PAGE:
November 16, 2022

Chesapeake National Recreation Area, after decades in discussion, heads to Congress

A formal proposal to create a Chesapeake National Recreation Area is ready to move forward, according to advocates in Congress.

Sen. Chris Van Hollen and Rep. John Sarbanes, both Democrats from Maryland, introduced a draft bill Nov. 14 that would unify historically important sites as well as partner parks in the region under a single banner.

Backers say the designation would elevate the Chesapeake Bay’s public profile and help attract more federal dollars toward improving the public’s access to the water, hiking trails, historic sites and other places of interest.


“It will unlock more opportunity and federal resources for the Chesapeake Bay area,” Van Hollen said during a press conference on the Annapolis waterfront, where he was among several lawmakers and conservation leaders taking turns behind a lectern to voice their support. “The National Park Service will have an even bigger role here, and that will help us better tell our story to America.”

The lawmakers also announced the opening of a 90-day public comment period. They said they will use that feedback to finalize the legislation to be filed in both congressional chambers. The public can learn more about the effort and submit comments at

If approved, the Chesapeake National Recreation Area would become the 41st place in the country with that designation and the 19thh to be managed by the Park Service. Notable places include Lake Mead, the reservoir created by the Hoover Dam; the islands of Boston Harbor; and Mount Rogers, Virginia’s highest point.

Under the proposed legislation, the Chesapeake unit would, despite its estuarine name, center on land-based treasures in Maryland and Virginia, officials say. The proposed area runs from just north of Annapolis to Hampton Roads in Virginia, including parts of the Eastern Shore and extending west slightly beyond Richmond.

The bill would allow the Park Service to acquire or partner with four sites that would become the unit’s first showcases:

  • The Burtis House, a former waterman’s cottage under restoration next to the Annapolis City Dock. It was the backdrop of the Nov. 14 announcement.
  • Whitehall Manor, a 1700s-era home on Broadneck Peninsula, just outside Annapolis.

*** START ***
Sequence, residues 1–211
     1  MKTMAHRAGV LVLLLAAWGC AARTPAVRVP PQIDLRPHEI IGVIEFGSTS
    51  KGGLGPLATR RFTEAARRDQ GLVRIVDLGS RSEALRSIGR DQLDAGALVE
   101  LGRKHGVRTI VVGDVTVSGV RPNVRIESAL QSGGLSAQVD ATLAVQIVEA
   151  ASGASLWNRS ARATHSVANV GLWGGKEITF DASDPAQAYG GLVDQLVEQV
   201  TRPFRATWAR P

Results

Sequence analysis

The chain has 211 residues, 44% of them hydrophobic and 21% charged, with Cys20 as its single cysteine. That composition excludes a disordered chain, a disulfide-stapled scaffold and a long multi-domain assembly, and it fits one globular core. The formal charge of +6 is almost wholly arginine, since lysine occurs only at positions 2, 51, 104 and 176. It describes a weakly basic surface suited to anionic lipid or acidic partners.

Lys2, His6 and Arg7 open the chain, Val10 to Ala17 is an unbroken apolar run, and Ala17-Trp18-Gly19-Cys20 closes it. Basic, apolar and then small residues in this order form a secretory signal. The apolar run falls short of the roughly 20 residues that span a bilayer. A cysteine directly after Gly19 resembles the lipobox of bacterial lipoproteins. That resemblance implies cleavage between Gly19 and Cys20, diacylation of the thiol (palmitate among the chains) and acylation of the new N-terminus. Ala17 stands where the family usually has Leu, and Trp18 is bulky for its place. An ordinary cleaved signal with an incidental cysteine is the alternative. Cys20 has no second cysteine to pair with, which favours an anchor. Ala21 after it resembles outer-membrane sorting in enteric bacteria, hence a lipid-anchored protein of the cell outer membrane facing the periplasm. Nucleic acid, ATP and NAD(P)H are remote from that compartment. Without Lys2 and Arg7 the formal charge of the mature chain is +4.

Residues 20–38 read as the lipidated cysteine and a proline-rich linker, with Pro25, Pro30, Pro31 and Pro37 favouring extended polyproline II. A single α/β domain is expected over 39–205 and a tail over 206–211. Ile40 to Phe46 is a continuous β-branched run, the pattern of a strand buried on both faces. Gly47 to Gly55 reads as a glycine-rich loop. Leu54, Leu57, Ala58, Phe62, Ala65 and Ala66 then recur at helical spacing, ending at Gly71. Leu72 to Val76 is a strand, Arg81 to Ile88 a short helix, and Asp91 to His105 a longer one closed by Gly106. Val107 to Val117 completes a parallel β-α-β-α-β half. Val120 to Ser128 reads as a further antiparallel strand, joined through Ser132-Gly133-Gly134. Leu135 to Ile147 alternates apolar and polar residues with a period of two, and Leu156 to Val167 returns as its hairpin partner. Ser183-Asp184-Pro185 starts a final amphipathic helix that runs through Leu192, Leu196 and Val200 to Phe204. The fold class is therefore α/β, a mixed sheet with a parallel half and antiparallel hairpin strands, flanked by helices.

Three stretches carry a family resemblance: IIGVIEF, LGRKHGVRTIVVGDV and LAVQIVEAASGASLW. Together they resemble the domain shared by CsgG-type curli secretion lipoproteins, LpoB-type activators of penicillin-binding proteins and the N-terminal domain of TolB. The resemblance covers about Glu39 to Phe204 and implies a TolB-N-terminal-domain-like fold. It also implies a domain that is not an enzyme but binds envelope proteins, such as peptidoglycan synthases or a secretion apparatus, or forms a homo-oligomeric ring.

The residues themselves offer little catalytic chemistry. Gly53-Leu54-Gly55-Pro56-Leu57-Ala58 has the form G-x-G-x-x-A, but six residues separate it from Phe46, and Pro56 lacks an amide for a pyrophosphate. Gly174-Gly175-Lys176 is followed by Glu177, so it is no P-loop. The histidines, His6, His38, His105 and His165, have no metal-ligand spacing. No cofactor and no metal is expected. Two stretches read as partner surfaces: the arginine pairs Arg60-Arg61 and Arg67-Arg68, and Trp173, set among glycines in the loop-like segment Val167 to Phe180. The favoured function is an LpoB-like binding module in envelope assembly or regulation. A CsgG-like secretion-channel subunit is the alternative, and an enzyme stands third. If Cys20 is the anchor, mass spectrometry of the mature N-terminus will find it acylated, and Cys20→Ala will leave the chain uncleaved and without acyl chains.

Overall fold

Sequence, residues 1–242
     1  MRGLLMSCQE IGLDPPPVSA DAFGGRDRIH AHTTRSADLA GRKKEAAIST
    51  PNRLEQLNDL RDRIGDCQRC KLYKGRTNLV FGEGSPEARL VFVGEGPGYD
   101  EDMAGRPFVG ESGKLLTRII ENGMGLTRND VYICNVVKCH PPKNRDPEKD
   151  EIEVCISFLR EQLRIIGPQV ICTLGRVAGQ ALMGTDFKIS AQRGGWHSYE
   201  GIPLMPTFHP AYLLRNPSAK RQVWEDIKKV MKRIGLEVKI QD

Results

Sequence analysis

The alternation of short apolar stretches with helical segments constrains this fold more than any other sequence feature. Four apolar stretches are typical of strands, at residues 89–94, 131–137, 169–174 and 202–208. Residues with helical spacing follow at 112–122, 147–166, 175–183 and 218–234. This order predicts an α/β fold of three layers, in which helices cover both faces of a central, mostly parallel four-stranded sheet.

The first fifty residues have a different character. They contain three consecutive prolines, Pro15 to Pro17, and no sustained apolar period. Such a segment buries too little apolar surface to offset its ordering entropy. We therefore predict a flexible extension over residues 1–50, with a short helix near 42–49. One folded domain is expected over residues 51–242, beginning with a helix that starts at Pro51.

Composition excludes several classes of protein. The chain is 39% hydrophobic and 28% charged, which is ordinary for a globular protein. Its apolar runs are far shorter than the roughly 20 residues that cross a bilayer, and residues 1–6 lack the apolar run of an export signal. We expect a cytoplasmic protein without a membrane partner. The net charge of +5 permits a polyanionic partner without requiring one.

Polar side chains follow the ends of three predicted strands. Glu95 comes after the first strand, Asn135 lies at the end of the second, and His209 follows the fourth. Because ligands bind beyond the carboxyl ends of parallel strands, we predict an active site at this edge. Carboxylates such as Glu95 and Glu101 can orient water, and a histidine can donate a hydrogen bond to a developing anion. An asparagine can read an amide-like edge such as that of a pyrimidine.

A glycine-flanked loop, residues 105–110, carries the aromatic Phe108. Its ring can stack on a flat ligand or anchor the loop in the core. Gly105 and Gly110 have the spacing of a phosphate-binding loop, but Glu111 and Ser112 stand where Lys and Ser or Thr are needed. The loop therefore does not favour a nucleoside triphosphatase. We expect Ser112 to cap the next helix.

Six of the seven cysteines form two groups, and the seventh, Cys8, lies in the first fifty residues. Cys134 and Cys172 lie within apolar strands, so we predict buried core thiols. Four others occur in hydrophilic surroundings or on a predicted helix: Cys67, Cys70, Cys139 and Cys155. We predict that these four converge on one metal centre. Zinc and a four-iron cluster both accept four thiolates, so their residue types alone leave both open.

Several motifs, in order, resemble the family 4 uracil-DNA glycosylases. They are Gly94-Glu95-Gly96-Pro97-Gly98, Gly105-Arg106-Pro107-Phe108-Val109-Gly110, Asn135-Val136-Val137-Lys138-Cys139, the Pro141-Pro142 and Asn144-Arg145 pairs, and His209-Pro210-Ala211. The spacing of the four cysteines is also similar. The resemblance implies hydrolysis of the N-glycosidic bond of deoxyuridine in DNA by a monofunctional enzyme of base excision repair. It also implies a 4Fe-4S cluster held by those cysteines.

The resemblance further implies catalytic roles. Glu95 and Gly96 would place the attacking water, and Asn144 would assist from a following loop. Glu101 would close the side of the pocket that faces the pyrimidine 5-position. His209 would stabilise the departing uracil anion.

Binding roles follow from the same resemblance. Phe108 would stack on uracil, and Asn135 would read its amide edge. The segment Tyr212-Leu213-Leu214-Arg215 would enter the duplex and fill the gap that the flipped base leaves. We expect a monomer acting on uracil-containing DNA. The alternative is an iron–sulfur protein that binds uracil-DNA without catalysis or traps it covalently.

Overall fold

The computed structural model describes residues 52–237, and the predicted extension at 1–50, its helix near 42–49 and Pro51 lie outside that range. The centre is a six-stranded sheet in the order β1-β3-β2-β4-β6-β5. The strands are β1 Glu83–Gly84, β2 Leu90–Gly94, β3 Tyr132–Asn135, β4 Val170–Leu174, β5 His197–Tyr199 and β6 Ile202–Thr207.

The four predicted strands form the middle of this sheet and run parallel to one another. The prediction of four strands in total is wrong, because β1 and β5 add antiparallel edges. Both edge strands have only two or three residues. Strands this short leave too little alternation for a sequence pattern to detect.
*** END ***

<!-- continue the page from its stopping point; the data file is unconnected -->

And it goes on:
• The Thomas Point Shoal Lighthouse near the mouth of Maryland’s South River. Its distinctive “screwpile” structure is one of the Bay’s most iconic sights.
  • The North Beach of Fort Monroe in Virginia, a site imbued with military history as well as being where the first enslaved Africans arrived in English-occupied North America.

The Park Service also would link the recreation area with the existing sites of the Chesapeake Gateways program, a network of more than 150 refuges, museums, historic communities and other places throughout the Bay’s 64,000-square-mile watershed. The legislation sets aside a permanent allocation of $6 million a year for the Gateways initiative.

Supporters emphasized that the new unit will only work with properties and entities that willingly opt into the partnership. There will be no new regulations nor any land purchases from unwilling property owners. And they said it would not supersede state laws or any fish and wildlife protection efforts.

The new designation won’t lift the Chesapeake to the level of protection enjoyed by national parks. But several advocates said that it is an idea —discussed as far back as the 1980s — whose time has come.

“The Chesapeake is the birthplace of American identity and the landscape that bore witness to the many diverse people who have lived along its shores,” said Chesapeake Conservancy President and CEO Joel Dunn, one of the leading promoters. “Their stories are worthy of National Park Service interpretation and education.”

By:  Jeremy Cox
Source: Bay Journal